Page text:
Perhaps it even helps retain the perspective of the stranger. It serves as a useful record of my own feelings. and explanations on continuous references to fieldwork. and then become more settled. and theories. that ethnographic texts are mere literary fictions. Baloma 1916). the obsessional longing to be back even if for the briefest while in one's own cultural surroundings. but I appreciate the sentiments many of us can share when he expresses: [t]he feeling of confinement. at the London School of Economics) in order to produce some kind of audit trail. associated with the reflexive turn (reflexivity). alerting us to feelings and emotions that participants in the field may well share (Lofland and Lofland. All Rights Reserved. the written-up fieldnotes (in this case the text. Personal Diary When I am doing fieldwork. thoughts. It also has an analytic function.SAGE SAGE Research Methods ©2009 SAGE Publications. The notes demonstrate careful and rigorous data collection. data collection. Furthermore. Malinowski's diary. Ltd. good fieldnotes can illuminate the interconnected process of observation. 1995). Arturo Álvarez Roldán (2002) analyses Malinowski's fieldnotes (which are available in the British Library of Political and Economic Science. the moral compulsion to drag oneself back to the task of field observation. Roldán concludes. This goes some way to counter critiques. 1967: xv) Fieldnotes as an Audit Trail Despite what has been said above about the selectivity and essential bias inherent in the act of fieldnote construction. I also keep a personal diary which I write in each night before I go to sleep. the dejection and doubts about the validity of what one is doing. fieldnotes. The point of good notes then is that ethnographers base their descriptions. and give evidence of Malinowski's techniques in checking for inconsistencies in accounts. all of which contribute to the historical record of the emergent analysis. guarding against merging instead of immersion (see going ‘native’). demonstrating how his notes were used in conjunction with explicit theorising to construct a valid and internally consistent text. explicate his methodological considerations in order that the reader can assess the validity of the ‘tale’. and verification by triangulation. theorising. is often used to demonstrate his ambivalence towards his ‘natives’. the desire to escape to a fantasy world of novels or daydreams. interpretations.. and reflections as I adapt to the fieldwork setting. and providing a space for creative integration of the objective and subjective. cope with feeling strange and bewildered. ‘It is hard to imagine Malinowski writing a different essay with the materials that he had collected and analysed in a particular way’(2002: Page 7 of 8 Key Concepts in Ethnography . memos’. having compared the fieldnotes with the written Baloma. which was published by his wife after his death. (Firth's Introduction in Malinowski. and analysis.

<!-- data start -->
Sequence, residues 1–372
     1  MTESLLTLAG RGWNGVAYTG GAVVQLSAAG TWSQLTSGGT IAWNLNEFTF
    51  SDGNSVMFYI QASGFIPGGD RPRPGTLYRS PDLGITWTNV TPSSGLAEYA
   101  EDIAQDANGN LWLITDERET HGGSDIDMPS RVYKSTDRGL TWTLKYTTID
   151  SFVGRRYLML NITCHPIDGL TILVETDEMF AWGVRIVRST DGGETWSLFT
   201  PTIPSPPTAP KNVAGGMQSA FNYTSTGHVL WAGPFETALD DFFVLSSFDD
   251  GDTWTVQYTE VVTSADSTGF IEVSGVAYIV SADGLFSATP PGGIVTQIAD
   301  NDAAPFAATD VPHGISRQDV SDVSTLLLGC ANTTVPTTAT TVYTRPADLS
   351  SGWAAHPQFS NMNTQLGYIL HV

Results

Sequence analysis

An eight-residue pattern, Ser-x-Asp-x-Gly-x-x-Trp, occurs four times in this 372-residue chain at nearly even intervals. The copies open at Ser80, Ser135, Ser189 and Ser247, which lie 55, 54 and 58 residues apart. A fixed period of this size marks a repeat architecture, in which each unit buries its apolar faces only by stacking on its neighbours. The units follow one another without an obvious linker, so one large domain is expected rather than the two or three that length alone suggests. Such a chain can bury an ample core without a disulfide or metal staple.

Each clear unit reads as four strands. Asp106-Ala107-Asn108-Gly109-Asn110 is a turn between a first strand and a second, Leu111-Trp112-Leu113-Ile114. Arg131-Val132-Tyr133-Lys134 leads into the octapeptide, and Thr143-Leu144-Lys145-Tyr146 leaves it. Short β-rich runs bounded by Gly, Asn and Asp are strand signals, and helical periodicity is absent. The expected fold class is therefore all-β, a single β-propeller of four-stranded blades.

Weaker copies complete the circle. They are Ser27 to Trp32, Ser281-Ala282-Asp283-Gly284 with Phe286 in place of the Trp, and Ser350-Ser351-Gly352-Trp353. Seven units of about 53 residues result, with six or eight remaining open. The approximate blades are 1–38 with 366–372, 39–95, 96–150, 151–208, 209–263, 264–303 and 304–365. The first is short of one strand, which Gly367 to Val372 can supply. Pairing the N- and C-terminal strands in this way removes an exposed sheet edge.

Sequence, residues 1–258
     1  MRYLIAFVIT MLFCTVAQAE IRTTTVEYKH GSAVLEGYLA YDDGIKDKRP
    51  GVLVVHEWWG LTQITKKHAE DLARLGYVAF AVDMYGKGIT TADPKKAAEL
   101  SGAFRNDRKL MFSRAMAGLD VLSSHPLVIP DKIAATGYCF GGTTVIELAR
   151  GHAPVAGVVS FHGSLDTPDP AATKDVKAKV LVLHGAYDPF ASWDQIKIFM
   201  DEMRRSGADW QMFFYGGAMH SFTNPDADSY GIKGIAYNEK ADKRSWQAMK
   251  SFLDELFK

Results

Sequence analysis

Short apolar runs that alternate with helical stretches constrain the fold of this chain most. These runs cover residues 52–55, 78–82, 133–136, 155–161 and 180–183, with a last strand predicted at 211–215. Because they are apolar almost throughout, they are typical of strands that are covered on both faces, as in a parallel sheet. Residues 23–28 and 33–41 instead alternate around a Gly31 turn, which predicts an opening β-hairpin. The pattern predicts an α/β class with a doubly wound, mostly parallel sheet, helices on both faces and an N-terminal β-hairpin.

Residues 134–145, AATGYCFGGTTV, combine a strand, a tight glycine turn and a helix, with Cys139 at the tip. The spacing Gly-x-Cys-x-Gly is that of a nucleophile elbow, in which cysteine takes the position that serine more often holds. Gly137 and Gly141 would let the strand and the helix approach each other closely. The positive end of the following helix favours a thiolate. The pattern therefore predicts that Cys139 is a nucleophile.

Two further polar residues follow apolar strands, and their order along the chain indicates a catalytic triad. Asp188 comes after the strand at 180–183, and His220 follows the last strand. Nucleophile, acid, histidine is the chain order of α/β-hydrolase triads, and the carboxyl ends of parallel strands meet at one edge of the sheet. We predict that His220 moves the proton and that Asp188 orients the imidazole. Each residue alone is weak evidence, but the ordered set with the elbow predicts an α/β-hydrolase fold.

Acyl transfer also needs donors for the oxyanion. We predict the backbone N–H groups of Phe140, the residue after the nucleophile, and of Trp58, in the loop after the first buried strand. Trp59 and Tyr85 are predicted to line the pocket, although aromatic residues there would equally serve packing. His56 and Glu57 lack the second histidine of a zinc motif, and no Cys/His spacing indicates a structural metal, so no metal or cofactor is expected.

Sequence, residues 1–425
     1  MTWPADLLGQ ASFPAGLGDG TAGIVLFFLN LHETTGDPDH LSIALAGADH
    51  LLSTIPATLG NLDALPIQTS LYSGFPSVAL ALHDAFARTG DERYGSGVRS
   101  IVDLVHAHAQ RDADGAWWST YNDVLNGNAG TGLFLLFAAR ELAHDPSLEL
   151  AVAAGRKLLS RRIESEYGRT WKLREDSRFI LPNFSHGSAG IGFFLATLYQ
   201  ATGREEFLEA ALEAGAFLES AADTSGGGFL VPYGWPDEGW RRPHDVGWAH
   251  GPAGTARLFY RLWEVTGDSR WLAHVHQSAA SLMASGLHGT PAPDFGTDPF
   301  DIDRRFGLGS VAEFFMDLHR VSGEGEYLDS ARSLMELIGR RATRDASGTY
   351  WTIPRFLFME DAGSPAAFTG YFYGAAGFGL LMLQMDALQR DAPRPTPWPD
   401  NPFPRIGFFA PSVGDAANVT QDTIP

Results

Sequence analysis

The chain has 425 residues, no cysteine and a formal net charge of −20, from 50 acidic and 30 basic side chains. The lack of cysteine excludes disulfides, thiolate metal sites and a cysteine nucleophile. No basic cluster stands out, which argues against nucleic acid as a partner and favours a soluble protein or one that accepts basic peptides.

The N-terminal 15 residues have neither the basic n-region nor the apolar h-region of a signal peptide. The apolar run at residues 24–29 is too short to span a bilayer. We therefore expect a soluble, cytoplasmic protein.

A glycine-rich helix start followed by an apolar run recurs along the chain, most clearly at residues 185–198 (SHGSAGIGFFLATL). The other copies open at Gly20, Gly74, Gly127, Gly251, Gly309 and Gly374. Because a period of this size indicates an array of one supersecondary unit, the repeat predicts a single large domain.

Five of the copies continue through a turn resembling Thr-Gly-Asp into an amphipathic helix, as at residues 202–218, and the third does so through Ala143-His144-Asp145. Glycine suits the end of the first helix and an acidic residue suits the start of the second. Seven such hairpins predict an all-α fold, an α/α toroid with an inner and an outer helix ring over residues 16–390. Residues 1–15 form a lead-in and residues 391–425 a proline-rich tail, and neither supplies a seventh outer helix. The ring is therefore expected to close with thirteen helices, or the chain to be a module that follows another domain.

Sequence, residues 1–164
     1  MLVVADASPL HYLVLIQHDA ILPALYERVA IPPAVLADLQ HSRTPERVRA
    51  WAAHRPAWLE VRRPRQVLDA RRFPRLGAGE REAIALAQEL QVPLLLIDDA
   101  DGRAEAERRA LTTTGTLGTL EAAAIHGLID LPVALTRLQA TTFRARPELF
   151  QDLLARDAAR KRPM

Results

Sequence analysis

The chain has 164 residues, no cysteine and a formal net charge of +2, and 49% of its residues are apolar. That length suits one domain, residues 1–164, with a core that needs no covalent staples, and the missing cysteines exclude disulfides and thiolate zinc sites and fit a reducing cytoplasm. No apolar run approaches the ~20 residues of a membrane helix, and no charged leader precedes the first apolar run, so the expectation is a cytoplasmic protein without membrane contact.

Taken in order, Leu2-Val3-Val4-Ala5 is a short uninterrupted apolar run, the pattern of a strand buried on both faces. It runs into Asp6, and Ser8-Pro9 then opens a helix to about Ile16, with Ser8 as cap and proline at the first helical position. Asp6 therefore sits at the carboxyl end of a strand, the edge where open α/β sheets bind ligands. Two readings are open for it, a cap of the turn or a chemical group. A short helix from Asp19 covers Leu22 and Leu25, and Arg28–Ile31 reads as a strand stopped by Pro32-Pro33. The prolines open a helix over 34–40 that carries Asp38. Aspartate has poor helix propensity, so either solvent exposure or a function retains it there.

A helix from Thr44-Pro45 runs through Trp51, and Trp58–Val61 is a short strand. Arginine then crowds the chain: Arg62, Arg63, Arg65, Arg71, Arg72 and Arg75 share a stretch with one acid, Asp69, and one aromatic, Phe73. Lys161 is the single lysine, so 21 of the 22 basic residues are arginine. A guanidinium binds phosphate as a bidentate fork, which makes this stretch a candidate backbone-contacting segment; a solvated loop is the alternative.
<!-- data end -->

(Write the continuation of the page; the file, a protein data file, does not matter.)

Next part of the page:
and Backett-Milburn. no matter how full the notes. K. See also: analysis coding computer software reflexivity writing References General Mauthner. Malinowski. A. P. Ltd.. All Rights Reserved.36(3):223–51. ‘Writing ethnography.org/10. and Higgins. as Jackson (1990) observes. N. ‘Tell me about the test: the construction of truth and lies in drug court’.doi.B. they will never be sufficient to fully explain the intellectual work that went into determining what to do and write. B. Or are they? Implications for archiving and revisiting qualitative data’. (2007). Malinowski's fieldnotes on Baloma’. 379). ‘Baloma: The spirits of the dead in the Trobriand Islands’.10(3):377–93. when and how.46:353–430. O.n13 Page 8 of 8 Key Concepts in Ethnography . http://dx. (2002).4135/9781446268308. . (1998). Parry. Nevertheless. ‘The data are out there. Roldán. (1916).32(4):733–46.SAGE SAGE Research Methods ©2009 SAGE Publications. Examples MackinemM.